MUCH OF Indian historical knowledge has been derived, at least until recent decades, from the writings of foreigners. This applies to o~ knowledge about Indian education as well as to that relating to most other spheres. Unless the Indian source material is of an epigraphically or archaeological nature, the oral traditions, belief , or even contemporary Indian writings, if taken into account at all, do not, in themselves, seem to be relied upon by those who write history. The . universities of Taxila and Nalanda, and a few others until recently have . been more known and written about, primarily because they had been described centuries ago by some Greek or Chinese traveler, who happened to keep a journal which had survived, or communicated such information to his compatriots who passed it down to modern times.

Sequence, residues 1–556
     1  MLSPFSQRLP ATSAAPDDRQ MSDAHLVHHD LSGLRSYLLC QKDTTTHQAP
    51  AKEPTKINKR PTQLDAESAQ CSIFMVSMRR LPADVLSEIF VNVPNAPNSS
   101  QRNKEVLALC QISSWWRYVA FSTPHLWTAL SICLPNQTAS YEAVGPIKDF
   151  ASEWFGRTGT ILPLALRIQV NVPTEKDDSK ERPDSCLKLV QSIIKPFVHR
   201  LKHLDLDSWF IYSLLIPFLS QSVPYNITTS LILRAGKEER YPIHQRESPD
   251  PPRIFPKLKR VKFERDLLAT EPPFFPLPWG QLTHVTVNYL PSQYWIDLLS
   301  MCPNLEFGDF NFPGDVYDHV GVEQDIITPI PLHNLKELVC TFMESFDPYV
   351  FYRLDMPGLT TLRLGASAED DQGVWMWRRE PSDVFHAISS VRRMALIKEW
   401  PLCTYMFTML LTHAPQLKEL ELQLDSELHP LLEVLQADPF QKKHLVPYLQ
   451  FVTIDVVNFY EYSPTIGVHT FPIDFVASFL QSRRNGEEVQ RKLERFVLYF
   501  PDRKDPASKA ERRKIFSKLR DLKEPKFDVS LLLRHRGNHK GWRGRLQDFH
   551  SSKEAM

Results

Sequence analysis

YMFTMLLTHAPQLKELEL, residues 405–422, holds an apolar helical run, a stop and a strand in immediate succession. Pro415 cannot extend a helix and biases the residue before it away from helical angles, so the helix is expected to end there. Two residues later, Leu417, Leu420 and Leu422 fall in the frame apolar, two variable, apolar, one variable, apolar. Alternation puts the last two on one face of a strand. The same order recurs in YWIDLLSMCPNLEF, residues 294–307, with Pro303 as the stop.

As it happens, there seem to be relatively few foreign accounts of India between about the 10th and 16th centuries AD. Further, those which are known are more concerned with the exploits of those men to whom the writers or chroniclers were attached. Moreover, as such chroniclers happened to be mostly from West Asia (which had a different style of narration), and not from Europe, or China, and further, were closely connected with the extension of Islam into parts of India, they have, consequently, received much less notice and celebrity unless, of course, what they said suited the 19th century writers of Indian history. It is also probable that so much had already been written by the 8th or 10th century AD. about the wealth, learning, and philosophies of India (and, furthermore, the organization of its society, being basically not too different from contemporary society in its neighboring areas) that the foreign travelers and chroniclers of this period had no special reason to write about such matters. It may also possibly be true, as is generally held by many scholars, that from the 8th or 10th century AD. onwards India was on a visible, or imperceptible declining course, and that what the foreign visitor saw did not really catch his attention.